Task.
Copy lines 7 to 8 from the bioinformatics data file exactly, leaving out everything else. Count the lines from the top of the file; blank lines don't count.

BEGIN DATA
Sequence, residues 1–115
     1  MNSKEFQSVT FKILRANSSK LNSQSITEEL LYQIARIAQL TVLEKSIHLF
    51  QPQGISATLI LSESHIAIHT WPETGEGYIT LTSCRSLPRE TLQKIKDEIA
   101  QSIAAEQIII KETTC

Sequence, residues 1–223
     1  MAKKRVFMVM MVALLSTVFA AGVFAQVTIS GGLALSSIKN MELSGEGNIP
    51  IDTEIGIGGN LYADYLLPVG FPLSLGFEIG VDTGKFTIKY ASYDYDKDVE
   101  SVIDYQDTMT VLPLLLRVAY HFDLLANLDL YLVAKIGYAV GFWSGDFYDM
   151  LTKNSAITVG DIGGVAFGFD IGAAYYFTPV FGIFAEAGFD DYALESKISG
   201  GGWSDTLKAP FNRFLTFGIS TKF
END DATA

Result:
    51  IDTEIGIGGN LYADYLLPVG FPLSLGFEIG VDTGKFTIKY ASYDYDKDVE
   101  SVIDYQDTMT VLPLLLRVAY HFDLLANLDL YLVAKIGYAV GFWSGDFYDM